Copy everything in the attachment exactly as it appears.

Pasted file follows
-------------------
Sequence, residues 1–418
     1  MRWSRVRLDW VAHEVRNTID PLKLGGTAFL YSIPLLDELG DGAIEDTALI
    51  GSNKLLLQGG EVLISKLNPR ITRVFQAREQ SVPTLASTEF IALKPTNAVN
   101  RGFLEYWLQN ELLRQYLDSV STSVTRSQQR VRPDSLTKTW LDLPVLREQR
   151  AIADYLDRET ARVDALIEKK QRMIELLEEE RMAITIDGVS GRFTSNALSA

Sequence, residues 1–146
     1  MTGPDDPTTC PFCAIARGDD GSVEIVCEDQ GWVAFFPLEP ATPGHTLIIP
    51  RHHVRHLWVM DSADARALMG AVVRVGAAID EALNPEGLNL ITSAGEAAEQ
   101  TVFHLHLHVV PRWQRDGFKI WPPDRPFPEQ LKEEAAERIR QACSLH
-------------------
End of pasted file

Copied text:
Sequence, residues 1–418
     1  MRWSRVRLDW VAHEVRNTID PLKLGGTAFL YSIPLLDELG DGAIEDTALI
    51  GSNKLLLQGG EVLISKLNPR ITRVFQAREQ SVPTLASTEF IALKPTNAVN
   101  RGFLEYWLQN ELLRQYLDSV STSVTRSQQR VRPDSLTKTW LDLPVLREQR
   151  AIADYLDRET ARVDALIEKK QRMIELLEEE RMAITIDGVS GRFTSNALSA

Sequence, residues 1–146
     1  MTGPDDPTTC PFCAIARGDD GSVEIVCEDQ GWVAFFPLEP ATPGHTLIIP
    51  RHHVRHLWVM DSADARALMG AVVRVGAAID EALNPEGLNL ITSAGEAAEQ
   101  TVFHLHLHVV PRWQRDGFKI WPPDRPFPEQ LKEEAAERIR QACSLH